fieldwork schedule and asked to contact members directly.

14


Section 2: Introduction

2.4. Sample and response rate

In all, 57 Accredited Chambers chose to participate in the study. 42 Chambers provided data allowing Research by

Design Ltd to automate the initial invitation to participate and subsequent reminder emails with the remaining 15

supporting the online survey only. Fieldwork was undertaken between 4th September and 17th September 2007.

In total 2,701 business members responded to the 2007 Transport Survey. 2,266 replied to an invitation to

participate in the survey administered by Research by Design Ltd (providing a 6% response rate overall), and

435 completed a survey administered in-house by selected Chambers.

Chamber in-house

Survey RbD administered administered Total

Initial invitation 1,450 85% 262 15% 1,712 63%

1st reminder (11th September) 515 92% 46 8% 561 21%

2nd reminder (14th September) 301 70% 127 30% 428 16%

Totals 2,266 84% 435 16% 2,701 100%

The majority of businesses that participated in the 2007 survey are smaller sized businesses; 74% have less than

50 UK employees. 15% of businesses have between 50 and 249 employees and the remaining 11% have 250 or

more employees.

Appendix 1 provides profile details of respondents to the survey.

2.5. Analysis and reporting

This report provides the findings given by the total sample (all member businesses). It also provides the findings of

sub-groups of the total sample, defined by number of employees, annual turnover, business sector, etc, where

they are statistically significant compared to the national picture.

By the very nature that surveys typically represent the views of a sample of the population, sampling error must be

considered when evaluating the findings. This is measured by the confidence level and interval of the data. Most

commonly, market research studies require a 95% confidence level, indicating that we can be 95% confident that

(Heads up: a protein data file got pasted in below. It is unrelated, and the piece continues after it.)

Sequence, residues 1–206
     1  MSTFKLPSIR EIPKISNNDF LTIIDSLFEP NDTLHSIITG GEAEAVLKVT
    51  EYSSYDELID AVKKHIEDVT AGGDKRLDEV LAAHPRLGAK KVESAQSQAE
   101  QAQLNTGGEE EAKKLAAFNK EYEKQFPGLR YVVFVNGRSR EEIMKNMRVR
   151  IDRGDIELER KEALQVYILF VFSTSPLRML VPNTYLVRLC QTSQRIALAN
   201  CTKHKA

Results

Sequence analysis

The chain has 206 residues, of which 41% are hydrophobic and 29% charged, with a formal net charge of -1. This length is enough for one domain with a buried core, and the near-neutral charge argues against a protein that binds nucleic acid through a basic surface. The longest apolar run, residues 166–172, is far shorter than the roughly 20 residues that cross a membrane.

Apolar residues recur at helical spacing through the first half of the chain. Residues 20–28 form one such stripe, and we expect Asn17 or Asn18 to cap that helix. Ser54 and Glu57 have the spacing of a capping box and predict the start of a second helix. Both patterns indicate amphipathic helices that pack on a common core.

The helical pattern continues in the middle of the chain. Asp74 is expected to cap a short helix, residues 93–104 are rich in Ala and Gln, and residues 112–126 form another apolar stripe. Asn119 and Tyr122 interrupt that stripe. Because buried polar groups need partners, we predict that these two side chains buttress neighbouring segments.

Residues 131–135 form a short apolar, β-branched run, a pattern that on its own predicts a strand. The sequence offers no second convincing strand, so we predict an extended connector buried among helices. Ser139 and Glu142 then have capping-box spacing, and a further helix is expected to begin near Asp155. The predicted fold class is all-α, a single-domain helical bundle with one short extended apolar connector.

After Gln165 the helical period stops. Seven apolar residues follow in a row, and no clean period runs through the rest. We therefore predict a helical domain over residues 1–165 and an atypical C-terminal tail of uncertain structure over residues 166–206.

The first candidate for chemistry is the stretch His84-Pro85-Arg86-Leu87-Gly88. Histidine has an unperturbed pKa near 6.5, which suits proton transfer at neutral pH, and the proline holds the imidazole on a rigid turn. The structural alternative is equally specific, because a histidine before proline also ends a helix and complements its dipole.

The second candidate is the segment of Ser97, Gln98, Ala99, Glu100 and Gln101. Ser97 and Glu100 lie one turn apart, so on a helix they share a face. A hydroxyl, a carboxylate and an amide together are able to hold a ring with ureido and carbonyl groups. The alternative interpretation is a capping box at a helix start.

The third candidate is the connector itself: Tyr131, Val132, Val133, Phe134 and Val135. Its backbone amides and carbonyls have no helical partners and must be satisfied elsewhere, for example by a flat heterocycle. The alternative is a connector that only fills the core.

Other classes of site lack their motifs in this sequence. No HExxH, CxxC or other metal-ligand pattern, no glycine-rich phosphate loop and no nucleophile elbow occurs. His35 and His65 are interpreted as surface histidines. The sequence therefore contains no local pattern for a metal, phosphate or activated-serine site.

we have not arrived at the estimate by chance.

The confidence interval shows the variation that may exist in the findings drawn from a sample. For example,

the survey shows that 57% of businesses believe that the cost of problems associated with the UK's transport

infrastructure (e.g. loss of man hours and business, increased operating costs, recruitment difficulties) has

increased in the last 12 months. However, due to intrinsic characteristics of sampling, this will be surrounded by

a confidence interval, in this case ±2.3%. This indicates that the real figure, (the 'true' figure if the whole population

were surveyed) lies somewhere between 54.7% and 59.3%.

15


Section 2: Introduction

The following table gives the confidence intervals for those findings that centre around 10% or 90%, 30% or 70%

and 50% given varying sample sizes. (These assume a 95% confidence level using random sampling).

Government statistics

Confidence intervals for given results, based on a 95% confidence level

Size of sample 10% or 90% 30% or 70% 50%

± ± ±

2500 1.2 1.8 2.0

2000 1.3 2.0 2.2

1500 1.5 2.3 2.5

1000 1.9 2.8 3.1

When comparing the results from different groups within a sample, say those with a turnover of less than £250k

and those with a turnover of £250k or more, the difference in results are tested for statistical significance. This way

we know whether the differences are 'real' or whether they could have occurred by chance. The test reflects the

size of the samples, the percentage giving a certain answer and the degree of confidence chosen. Assuming a

95% confidence level, the differences between the results of two separate groups must be greater than the values

given in the table below to be statistically significant.

Percentage difference required before the results may be considered statistically significant

Size of sample 10% or 90% 30% or 70% 50%

± ± ±

1000 versus 1500 2.4 3.8 4.0

1000 versus 1000 2.7 4.1 4.4

1000 versus 500 3.3 5.0 5.4

500 versus 500 3.8 5.7 6.3

Analyses of the findings in this report are based on all respondents less those who chose not to answer specific

questions and those who stated 'don't know' or 'not applicable'. The base (sample) size for each question is given

in each chart. Where figures are not shown in the charts, these are 3% or less. Where figures do not sum to

100%, this is due to rounding. *% indicates less than 0.5%.

16


Section 3:

Transport infrastructure


Section 3: Transport infrastructure

Section 3: Transport infrastructure

3.1. Importance of transport networks to businesses

How important are each of the transport networks you use to your business and its operations?

UK businesses are heavily reliant on the road network. 23% describe it as important to their business and